Rationale

Corus has been designed as an alternative to the monolithic programming and deployment model imposed by JEE, which has been thus far the only one available under the JVM for scaling applications.

Application Server Alternative

As many others, we've been frustrated over the years by the bloat of application servers. We've seen the short-lived glory and inevitable demise of EJB 2.0, we've contemplated the Spring/JEE compromise. Agile development requires all links in the chain to be agile: from methodology to team management to development tools to deployment infrastructure.

Let's hear it from WebSpere's initiator himself:

When I was at IBM, I started a product called Websphere. Because I had come from working on big mission-critical systems, I thought it needs to be scalable, reliable, have a single point of control... I tried to build something like a mainframe, a system that was capable of doing anything, that would be able to do what might be needed in five years.

I call it the endgame fallacy. It was too complex for people to master. I overdesigned it.Because we were IBM, we survived it, but if we'd been a start-up, we'd have gone to the wall.

After shedding thousands of bucks on per-CPU license fees and overblown complexity, it's time to dump your app server.

Language Agnosticity

Furthermore, Java is not the only language that can benefit from the cutting-edge Hotspot JVM. Indeed, over the years, the JVM has gradually become a great multi-language environment: applications in Scala, Clojure, JRuby, Jython can all potentially run under Corus seamlessly.

It is also a growing tendency to use multiple languages, each chosen for their specific strengths, to tackle different parts of an application (for example, a Python/Django frontend implemented on top of a Java backend).

In such a context, the JVM as a multi-language execution environmment only makes sense. Let's hear Josuah Bloch, Chief Java Architect at Google, on this topic:

An immense investment has been made in the JVM over the years by many companies, whether it’s IBM or Sun, Apache, whatever. There are a bunch of VMs out there and you might as well leverage that investment. I’m also thrilled that it enables all of the language research that’s going on now. I think everyone realizes that we’re going to need some new languages before too long and I think it lowers the bar to be able to do experimentation in that area.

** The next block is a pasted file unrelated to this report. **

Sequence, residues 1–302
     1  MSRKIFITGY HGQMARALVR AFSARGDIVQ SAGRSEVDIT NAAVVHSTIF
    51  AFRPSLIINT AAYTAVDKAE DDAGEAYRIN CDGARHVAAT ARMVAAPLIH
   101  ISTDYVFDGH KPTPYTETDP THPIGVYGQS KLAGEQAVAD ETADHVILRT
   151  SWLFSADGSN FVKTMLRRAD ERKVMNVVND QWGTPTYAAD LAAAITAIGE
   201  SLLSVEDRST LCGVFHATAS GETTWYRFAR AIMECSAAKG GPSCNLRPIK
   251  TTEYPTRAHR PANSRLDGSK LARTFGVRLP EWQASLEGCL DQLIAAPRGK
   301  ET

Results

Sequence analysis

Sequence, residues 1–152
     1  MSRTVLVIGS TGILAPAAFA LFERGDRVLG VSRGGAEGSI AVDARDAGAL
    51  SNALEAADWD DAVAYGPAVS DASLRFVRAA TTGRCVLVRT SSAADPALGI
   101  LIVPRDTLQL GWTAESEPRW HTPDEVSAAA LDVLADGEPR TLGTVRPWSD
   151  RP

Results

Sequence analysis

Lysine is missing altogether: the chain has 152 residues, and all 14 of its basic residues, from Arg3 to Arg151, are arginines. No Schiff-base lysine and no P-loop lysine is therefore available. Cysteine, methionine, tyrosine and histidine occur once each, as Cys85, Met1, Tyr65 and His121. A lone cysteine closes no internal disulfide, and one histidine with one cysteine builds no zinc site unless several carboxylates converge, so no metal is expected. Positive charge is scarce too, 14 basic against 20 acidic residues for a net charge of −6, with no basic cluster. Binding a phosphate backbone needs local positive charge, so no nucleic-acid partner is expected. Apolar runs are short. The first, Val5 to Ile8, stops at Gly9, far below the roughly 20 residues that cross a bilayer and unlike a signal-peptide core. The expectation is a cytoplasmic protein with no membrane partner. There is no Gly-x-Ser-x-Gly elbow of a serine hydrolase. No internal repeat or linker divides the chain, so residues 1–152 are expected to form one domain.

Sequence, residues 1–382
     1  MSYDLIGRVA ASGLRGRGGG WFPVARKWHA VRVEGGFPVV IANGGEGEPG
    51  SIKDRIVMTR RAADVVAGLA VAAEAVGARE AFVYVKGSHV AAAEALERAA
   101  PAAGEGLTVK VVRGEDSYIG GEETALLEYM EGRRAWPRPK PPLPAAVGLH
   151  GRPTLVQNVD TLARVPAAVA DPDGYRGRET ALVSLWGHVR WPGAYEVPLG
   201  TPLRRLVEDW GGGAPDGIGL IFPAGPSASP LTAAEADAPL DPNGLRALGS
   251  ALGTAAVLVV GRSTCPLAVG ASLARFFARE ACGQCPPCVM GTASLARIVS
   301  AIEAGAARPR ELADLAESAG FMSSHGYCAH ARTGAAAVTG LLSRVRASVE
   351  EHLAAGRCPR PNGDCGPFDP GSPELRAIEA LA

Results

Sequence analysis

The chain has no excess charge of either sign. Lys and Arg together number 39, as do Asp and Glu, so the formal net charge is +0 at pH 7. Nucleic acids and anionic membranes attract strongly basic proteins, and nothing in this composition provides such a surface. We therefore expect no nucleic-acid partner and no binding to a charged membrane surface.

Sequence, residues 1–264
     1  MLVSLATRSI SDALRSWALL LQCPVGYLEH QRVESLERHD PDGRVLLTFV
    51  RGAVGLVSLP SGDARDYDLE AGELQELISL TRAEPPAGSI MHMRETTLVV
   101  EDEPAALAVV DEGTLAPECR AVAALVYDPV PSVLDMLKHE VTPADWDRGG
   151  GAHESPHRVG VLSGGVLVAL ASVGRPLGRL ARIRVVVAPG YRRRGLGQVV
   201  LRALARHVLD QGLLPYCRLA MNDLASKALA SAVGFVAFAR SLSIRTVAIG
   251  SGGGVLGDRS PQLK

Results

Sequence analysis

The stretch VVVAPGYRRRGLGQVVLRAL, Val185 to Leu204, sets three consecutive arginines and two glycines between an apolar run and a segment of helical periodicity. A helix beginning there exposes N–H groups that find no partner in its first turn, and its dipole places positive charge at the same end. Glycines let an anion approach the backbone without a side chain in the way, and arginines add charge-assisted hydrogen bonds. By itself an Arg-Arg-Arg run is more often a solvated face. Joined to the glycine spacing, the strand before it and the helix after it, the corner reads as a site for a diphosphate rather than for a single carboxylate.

Corus can be used to deploy and scale applications in any language under the JVM, and through integration with Docker as of version 5.0, any language, period.

À-la-Carte Scalability

There is an enduring myth out there stating that an application not deployed in a 5K-per-CPU app server will not scale. Myriads of frameworks and libraries have been developed and made available in open source that can be integrated in an à-la-carte fashion within applications in order to address scalability needs. As in the past application servers would provide such services, nowadays it is oftentimes a deliberate choice to have applications embed them directly in code. The proliferation of robust server-side libraries, combined to Inversion of Control's widespread adoption, has resulted in making the application server model unnecessary in many cases, and in a more flexible and productive development approach.

Corus makes scalable lightweight applications a viable option.

Agility

Sometimes you just want it barebones: you want to be able to develop your application without having to bother yourself with abstraction layers that hide application server considerations just for the sake of running unit tests. You know that minimizing discrepancies between your IDE and the deployment environment is the best way to improve productivity, software quality, and your own morale – we've all been victimized by the infernal develop-test-deploy loop. Corus makes possible a no-nonsense laptop-to-cluster development model where server-side applications are freed from conformance to complex component models. In fact, Corus imposes absolutely no application framework: decisions in that regard are completely left to developers.

Develop-test-develop-test, and then deploy.